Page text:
The student news site of El Camino College

El Camino College The Union

The student news site of El Camino College

El Camino College The Union

The student news site of El Camino College

El Camino College The Union

Young voters hold a very powerful weapon

Photo illustration (Raphael Richardson | The Union)

When I turned 18, I recognized I now yielded a new power.


At the time I asked myself, is one person’s vote really that important?

I now know it is. My generation and I have tremendous political power.

According to Brookings, younger generations in the 2022 midterm election voted heavily for Democrats, allowing the left-wing political party to win the U.S. Senate and many battleground state elections.

The Center for Information & Research on Civic Learning and Engagement, or CIRCLE, reports young voter turnout was “the second-highest level of youth participation in at least 30 years,” during the 2022 midterms.

This is a prime example of the genuine change and power the younger generation’s voice has on the national stage.

CIRCLE also reports young voters played a large part in blocking anti-abortion laws from being implemented in the reddest of Republican states. Generation Z and millennials were the only age group to cite abortion rights as a number one issue.

But it’s not necessarily Democrats young people are voting for, as not all youth voting trends fall within party lines. The younger generation rather shares beliefs that coincide with Democrats, attracting their vote.

From climate change to abortion and healthcare, my generation is using their power of voting to support their beliefs in elections.

Beyond elections, the younger generation holds protests and marches for their beliefs.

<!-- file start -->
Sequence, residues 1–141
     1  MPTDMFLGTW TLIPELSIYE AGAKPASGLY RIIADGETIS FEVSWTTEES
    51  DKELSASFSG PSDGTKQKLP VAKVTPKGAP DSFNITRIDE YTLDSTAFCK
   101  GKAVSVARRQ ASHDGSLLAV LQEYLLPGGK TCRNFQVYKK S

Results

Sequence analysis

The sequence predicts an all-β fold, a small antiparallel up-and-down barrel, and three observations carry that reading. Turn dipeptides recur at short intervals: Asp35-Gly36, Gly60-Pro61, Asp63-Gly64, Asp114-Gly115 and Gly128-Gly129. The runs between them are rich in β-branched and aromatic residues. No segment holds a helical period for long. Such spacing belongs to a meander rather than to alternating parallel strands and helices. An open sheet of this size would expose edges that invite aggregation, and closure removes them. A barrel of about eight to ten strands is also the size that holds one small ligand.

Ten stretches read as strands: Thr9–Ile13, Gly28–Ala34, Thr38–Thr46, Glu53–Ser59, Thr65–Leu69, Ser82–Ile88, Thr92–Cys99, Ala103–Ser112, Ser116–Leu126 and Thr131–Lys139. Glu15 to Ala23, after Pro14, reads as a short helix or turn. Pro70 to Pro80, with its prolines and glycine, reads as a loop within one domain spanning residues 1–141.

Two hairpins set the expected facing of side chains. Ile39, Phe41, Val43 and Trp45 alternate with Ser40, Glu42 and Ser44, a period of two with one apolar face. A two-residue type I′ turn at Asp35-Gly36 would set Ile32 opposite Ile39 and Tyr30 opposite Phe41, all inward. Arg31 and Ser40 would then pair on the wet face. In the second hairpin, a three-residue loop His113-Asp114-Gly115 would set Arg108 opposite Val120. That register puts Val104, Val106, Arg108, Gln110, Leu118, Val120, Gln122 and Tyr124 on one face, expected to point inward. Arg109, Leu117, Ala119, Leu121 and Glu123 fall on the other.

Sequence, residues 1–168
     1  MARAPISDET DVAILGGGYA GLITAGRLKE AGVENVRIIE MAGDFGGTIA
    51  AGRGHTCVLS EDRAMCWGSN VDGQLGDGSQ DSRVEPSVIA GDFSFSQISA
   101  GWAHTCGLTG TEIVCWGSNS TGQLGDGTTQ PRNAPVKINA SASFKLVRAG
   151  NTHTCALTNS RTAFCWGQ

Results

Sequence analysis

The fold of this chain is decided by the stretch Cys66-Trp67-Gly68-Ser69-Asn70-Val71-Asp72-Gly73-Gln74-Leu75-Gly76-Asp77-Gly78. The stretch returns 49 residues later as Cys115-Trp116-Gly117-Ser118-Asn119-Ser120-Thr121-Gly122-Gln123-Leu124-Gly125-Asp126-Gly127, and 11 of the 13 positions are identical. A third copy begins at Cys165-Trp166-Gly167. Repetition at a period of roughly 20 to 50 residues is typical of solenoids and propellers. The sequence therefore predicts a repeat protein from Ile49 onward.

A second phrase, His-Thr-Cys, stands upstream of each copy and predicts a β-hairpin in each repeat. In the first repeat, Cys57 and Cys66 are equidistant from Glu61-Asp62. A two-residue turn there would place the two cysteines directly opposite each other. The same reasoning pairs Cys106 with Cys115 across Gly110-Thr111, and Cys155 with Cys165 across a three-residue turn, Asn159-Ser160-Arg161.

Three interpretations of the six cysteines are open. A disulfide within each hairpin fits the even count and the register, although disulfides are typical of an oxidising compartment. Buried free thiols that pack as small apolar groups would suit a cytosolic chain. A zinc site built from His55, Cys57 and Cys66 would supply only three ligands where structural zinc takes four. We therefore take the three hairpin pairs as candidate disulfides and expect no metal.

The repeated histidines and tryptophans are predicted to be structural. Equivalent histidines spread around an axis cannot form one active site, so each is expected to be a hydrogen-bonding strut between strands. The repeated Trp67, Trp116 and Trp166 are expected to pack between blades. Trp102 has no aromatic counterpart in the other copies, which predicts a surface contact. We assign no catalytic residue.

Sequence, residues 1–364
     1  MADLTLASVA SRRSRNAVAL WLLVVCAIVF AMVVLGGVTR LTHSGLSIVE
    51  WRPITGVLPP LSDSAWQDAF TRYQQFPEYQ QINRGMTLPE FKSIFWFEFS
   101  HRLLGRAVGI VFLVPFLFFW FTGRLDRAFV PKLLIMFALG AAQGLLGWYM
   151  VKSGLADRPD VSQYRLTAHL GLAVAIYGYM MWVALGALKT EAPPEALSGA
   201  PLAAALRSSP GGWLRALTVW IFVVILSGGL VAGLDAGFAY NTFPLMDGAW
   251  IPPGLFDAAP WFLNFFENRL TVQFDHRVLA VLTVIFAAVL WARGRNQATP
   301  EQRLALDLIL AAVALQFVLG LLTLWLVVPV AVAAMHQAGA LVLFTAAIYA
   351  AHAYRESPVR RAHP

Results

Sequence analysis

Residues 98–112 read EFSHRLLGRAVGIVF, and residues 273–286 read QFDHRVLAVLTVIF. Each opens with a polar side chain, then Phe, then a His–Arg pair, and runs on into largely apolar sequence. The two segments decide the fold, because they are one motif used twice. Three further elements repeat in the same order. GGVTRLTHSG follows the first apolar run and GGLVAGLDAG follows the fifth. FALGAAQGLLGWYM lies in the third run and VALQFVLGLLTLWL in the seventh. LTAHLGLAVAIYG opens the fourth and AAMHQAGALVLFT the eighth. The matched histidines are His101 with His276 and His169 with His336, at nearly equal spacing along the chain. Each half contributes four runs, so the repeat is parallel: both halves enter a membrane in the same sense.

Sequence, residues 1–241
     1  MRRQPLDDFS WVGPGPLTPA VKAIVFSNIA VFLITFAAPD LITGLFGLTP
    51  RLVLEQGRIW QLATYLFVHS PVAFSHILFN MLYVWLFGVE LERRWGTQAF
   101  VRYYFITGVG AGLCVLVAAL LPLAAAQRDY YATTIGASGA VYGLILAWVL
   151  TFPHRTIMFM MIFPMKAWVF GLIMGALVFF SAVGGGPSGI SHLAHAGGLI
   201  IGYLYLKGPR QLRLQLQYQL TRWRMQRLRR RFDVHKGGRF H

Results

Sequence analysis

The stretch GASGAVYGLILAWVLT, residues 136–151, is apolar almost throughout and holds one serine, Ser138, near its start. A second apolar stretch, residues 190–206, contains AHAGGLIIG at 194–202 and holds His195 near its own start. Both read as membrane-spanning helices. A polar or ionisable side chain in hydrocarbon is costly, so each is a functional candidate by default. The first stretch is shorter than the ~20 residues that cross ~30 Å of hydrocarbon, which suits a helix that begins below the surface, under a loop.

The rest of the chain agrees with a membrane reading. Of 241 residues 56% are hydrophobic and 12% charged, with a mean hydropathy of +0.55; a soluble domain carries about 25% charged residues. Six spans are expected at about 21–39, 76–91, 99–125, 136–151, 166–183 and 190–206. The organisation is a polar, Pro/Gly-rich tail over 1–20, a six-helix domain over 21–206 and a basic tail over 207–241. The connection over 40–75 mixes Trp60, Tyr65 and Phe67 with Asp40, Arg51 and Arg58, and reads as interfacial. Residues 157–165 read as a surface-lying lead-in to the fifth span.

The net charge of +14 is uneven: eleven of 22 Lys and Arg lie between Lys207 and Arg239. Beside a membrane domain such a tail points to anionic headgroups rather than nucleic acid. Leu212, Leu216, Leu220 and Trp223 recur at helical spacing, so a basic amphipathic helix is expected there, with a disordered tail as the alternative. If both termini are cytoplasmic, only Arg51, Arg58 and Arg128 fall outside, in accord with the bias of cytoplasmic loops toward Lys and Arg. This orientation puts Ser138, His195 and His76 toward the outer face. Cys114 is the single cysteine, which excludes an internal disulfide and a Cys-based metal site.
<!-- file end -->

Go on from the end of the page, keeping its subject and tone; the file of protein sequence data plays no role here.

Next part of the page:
Yet the enthusiasm and power of the younger generations are not supported by certain people.

Republican presidential candidate and entrepreneur Vivek Ramaswamy said the voting age in the U.S. should be raised.

“There needs to be some civic experience you need to have gone through in order to actually vote,” Ramaswamy said in an article by Politico. “That experience could be living seven years as an adult and voting at age 25.”

According to the New Republic, at least 15 Republican states introduced legislation to disenfranchise young voters by changing the rules of using student IDs in voting booths and requiring out-of-state college students to vote absentee in their hometowns in Wisconsin.

This type of action and rhetoric from the GOP shows some candidates are willing to hurt our constitutional rights to vote to further their agendas, rather than tapping into the powerful potential of younger voters.

The reason they want to do that is not because we simply vote for Democrats but because of the unity and eagerness of us younger voters when it comes to voting for their beliefs.

Although Democrats understand the powerful potential of younger votes, they still split from the concerns of the younger generation such as foreign policy issues.

One of those issues is the Israel-Hamas war.

As reported by NPR and ABC News, younger voters are more supportive of Palestine and have negative feelings about the U.S.’s support and funding of the Israeli government.

Despite clear messaging from younger voters U.S. President Joe Biden and other Democratic politicians support Israel’s war and continue voting on funding for the Israeli Defense Forces.

This shows despite Democrats having past support from young voters, they are failing to respect and recognize the power of the youth vote and will get hurt by this in the next election.

This failure might allow young voters to significantly influence Democrats’ policies in the future, adding more to the youngsters’ ever-growing power.

So when I think about why my vote counts and how much power my generation has, I remember Republican lawmakers are doing so much to suppress our votes while Democrats take the youth vote for granted, that misplaced confidence could hurt them because they support certain policies.

I also remember the words of Uncle Ben from Spider-Man.

“With great power comes great responsibility.”

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